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post #1 of 9 (permalink) Old 09-16-2019, 10:39 AM Thread Starter
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Default New guy looking for build guidance/advice

I have a piece of C675 manganese bronze, 4.125"X 18". So i am thinking about building a BP cannon and I would like to use this material. First question is this material suitable for my intended purpose? I was thinking mountain howitzer style that would have a golf ball sized bore. Found this print online and was thinking to follow it at about a 60% ratio. What say the experts?
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post #2 of 9 (permalink) Old 09-16-2019, 12:56 PM
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colchester,

Welcome to the Board! I am always curious to know how you found us.

I think that the 12 pound Mountain Howitzer is an awesome choice. We have built a few of these in smaller bore sizes.

Building to that print will keep you well within safety ratios with the powder chamber.

I have not found the machinability of C675. Machining of the cascabal area may require patience.

Keep us advised and don't drop that 78 pound blank on your foot.

Michael
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post #3 of 9 (permalink) Old 09-16-2019, 01:58 PM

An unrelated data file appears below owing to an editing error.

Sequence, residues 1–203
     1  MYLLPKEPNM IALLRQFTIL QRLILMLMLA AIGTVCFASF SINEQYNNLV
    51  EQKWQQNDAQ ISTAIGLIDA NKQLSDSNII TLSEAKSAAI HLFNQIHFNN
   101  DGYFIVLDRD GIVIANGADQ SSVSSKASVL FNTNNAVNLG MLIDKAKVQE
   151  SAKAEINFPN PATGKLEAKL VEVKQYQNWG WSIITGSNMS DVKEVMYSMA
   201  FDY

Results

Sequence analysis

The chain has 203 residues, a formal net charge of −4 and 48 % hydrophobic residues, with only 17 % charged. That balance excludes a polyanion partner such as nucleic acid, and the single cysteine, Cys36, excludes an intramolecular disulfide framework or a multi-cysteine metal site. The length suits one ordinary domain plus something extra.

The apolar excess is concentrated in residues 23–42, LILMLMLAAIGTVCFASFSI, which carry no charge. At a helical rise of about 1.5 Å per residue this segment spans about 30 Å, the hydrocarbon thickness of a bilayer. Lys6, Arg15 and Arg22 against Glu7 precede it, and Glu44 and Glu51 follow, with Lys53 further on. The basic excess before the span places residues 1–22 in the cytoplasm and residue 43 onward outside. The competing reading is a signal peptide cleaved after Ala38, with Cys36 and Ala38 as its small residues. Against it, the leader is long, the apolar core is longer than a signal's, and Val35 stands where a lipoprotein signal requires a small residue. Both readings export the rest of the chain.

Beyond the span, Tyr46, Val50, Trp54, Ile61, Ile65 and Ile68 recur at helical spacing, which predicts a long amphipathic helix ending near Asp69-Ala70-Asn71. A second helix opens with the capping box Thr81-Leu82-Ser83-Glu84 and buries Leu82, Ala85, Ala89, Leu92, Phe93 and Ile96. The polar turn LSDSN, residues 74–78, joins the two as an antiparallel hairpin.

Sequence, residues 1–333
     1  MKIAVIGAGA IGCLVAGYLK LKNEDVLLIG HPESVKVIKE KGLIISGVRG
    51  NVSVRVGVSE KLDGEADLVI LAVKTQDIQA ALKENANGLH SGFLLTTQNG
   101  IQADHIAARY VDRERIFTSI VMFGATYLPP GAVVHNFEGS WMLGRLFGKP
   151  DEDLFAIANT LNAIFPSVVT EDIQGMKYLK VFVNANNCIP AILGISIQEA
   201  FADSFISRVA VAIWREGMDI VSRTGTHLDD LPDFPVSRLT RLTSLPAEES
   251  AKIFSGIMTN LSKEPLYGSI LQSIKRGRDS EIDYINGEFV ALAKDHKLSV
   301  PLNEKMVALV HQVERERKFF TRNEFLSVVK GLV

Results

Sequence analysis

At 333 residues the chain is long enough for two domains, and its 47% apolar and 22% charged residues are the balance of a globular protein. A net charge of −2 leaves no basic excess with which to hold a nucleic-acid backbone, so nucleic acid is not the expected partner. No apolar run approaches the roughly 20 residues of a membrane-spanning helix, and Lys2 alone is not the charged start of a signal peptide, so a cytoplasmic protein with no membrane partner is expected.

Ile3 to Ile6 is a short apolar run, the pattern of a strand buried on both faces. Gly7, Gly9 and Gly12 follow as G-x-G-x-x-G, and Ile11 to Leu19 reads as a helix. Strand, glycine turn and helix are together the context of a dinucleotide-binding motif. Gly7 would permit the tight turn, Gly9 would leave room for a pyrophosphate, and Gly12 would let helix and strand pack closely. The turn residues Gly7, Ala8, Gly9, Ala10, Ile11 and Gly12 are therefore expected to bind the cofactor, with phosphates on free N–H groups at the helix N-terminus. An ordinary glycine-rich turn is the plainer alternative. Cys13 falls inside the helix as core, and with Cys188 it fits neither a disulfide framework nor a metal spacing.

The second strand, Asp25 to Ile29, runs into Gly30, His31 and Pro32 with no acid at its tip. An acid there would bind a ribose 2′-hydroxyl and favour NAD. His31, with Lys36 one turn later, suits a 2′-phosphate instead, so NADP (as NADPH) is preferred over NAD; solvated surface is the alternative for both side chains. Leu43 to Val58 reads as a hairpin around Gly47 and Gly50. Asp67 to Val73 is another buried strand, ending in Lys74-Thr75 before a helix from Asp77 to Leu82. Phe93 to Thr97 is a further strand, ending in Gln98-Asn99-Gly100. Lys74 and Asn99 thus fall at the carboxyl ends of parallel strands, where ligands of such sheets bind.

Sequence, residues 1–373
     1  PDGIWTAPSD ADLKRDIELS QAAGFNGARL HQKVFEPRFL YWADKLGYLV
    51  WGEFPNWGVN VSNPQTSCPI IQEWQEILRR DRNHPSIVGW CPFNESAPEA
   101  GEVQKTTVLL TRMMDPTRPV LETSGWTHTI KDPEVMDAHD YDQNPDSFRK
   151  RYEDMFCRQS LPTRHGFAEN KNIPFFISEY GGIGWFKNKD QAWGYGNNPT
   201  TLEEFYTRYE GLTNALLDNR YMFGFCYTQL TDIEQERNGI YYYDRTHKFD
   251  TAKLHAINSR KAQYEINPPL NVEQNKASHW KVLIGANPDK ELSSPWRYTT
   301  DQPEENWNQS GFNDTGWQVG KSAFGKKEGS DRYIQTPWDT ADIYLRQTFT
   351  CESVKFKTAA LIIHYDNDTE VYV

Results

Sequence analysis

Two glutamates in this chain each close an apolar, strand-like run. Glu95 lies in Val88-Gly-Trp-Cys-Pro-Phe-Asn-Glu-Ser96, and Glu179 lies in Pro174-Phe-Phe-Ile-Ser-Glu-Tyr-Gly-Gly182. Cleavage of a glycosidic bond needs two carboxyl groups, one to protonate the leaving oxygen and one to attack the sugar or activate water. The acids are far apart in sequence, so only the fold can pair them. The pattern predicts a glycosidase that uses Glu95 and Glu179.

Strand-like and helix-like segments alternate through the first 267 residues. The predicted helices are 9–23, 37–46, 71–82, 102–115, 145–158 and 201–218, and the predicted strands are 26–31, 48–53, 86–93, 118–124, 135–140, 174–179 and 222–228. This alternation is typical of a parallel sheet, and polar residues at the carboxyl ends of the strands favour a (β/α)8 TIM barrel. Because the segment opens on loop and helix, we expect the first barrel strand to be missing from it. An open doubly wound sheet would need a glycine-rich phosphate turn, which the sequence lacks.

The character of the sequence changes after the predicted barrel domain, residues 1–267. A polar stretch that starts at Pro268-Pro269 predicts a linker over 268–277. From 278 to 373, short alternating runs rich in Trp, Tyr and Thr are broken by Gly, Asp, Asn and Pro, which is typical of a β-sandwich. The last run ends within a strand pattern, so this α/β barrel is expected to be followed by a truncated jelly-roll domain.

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My guy came back from lunch. Machineability is 30%. . . ouch. The good news is that blank would cost somewhere around $600.

Michael
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post #4 of 9 (permalink) Old 09-16-2019, 03:44 PM Thread Starter
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Quote:
Originally Posted by irishman View Post
colchester,

Welcome to the Board! I am always curious to know how you found us.

I think that the 12 pound Mountain Howitzer is an awesome choice. We have built a few of these in smaller bore sizes.

Building to that print will keep you well within safety ratios with the powder chamber.

I have not found the machinability of C675. Machining of the cascabal area may require patience.

Keep us advised and don't drop that 78 pound blank on your foot.

Michael
Thanks for the welcome looks like my kinda place. I stumbled on the forum when I was doing research for this project.
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post #5 of 9 (permalink) Old 09-18-2019, 03:51 AM
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Here is a data chart for C67500 Manganese Bronze; click on the Mechanical Properties tab. Quite a bit of variation in tensile strength depending on temper.


C675 Manganese Bronze

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post #6 of 9 (permalink) Old 09-18-2019, 10:01 AM Thread Starter
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Here is a data chart for C67500 Manganese Bronze; click on the Mechanical Properties tab. Quite a bit of variation in tensile strength depending on temper.


C675 Manganese Bronze
As stated above Im a newb here. Staring at the chart for a bit looks like condition
060 has a ys 207ksi and is 65 rhb
H01 has a ys 290-310 and 77-83 rhb
H02 has a ys414 and 90 rhb

So a couple questions